From Waste Stream to Nutritious Product
- Eltra developed the control system for Agristo’s new potato flake production line in Wielsbeke, Belgium.
- The flake line is an addition to the three existing production lines for which Eltra also provided the control systems.
- With the flake line, Agristo transforms a waste stream into nutritious products.
Small-sized or irregularly shaped potatoes. They were the reason for fries manufacturer Agristo to instal a new production line. Even though these spuds are just as tasty and nutritious, they aren’t suitable to be cut into fries. The solution? A potato flake production line that ensures not an ounce of the potato harvest is wasted. Eltra was responsible for the line’s control system. Site manager Stef Horsten discusses the collaboration between the companies and the challenges of working in a brand-new facility.
Can you describe your role at Eltra?
“I’m a site manager and primarily work on-site with our clients. My responsibilities include work preparation, supervising the installation technicians, quality assurance, creating schedules, and ensuring we stick to them. I also handle some side tasks like arranging meals and accommodations.”
“Form a waste stream into a nutritious, profitable product”
Could you give a brief overview of this project?
“We provided the control system for a potato flake production line in Agristo’s newest facility in Wielsbeke, Belgium. This is the fourth production line we’ve set up there. The other three lines don’t produce flakes, but are used for fries, potato wedges, and other potato products. We also carried out mechanical and electrical tasks, such as laying out cable routes and installing sensors. The flake line enables the processing of by-products. Potatoes that aren’t suitable for fries are peeled, blanched, puréed, dried, and are then ground into flakes. Agristo then makes these flakes into crisps or sells them as raw material for other products. This process allows Agristo to transform a waste stream into a nutritious, profitable product.”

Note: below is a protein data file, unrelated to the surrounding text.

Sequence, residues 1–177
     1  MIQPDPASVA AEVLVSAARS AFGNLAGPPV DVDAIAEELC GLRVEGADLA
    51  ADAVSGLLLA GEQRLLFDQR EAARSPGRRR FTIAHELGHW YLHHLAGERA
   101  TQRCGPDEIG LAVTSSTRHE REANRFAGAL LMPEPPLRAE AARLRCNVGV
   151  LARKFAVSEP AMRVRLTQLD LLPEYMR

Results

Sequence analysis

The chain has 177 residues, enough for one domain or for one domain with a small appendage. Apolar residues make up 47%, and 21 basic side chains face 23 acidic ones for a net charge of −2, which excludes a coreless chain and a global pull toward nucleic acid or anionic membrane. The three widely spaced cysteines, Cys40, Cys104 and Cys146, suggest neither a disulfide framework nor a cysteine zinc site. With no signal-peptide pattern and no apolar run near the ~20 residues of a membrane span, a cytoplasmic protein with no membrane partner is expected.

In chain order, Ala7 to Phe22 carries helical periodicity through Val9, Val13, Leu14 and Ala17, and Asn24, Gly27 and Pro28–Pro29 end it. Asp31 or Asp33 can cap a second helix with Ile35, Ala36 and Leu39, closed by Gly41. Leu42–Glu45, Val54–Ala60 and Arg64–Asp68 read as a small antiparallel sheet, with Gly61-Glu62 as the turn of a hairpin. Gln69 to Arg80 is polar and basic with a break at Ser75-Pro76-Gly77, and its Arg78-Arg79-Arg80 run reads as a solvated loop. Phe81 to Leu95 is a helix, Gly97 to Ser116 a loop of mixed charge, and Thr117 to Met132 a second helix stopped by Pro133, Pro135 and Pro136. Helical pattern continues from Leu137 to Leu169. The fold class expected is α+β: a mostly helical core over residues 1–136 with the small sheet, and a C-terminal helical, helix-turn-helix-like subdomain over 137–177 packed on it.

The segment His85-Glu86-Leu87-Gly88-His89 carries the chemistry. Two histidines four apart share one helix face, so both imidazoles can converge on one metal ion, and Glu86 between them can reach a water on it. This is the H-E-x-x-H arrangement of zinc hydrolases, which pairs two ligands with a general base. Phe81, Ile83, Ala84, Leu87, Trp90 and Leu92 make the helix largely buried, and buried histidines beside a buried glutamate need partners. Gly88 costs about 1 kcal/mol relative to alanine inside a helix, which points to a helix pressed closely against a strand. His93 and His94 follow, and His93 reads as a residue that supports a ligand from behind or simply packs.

How did you experience this project? Did you encounter any unique situations?
“All in all, the project progressed quite smoothly. The only thing posing the occasional challenge was the new building, which had been recently constructed for this expansion. The building has a technical attic space housing the cables, pipes, valves, and controls. This makes them easily accessible and ensures the cables and pipes don’t clutter the factory floor. However, there wasn’t an elevator yet, so we had to use a boom lift to move all the equipment to the attic. Additionally, the building was not yet entirely watertight when we began. But these were minor hiccups, the project went nearly without a hitch. This was partly because I was also involved in the installation of the previous production line. So, I was already familiar with many of the machines, the client, and the location. I knew where everything was, who the right contacts were, and where to look in case of issues.”
What characterizes Agristo as a client?
“For Agristo, it’s crucial that everything is built accurately, with great care, and hygienically. As a result, plans often change during a project. We work from a Process and Instrumentation Diagram (P&ID): a schematic representation of all process components, such as pipes, pumps, and valves. The initial and final versions of the P&ID often differ significantly. If Agristo identifies opportunities for improvement during a project, they adjust their plans. They appreciate that Eltra is flexible, proactive, and willing to adapt during the project, rather than rigidly sticking to the original design. We have a relatively large team on-site. When changes occur, our hardware engineer can immediately adjust his drawings, and we can start laying out the cables right away. The fact that Agristo opts for a team from the Netherlands – when a Belgian company might cost less without travel and accommodation costs – is testament to the strong collaboration between our companies.”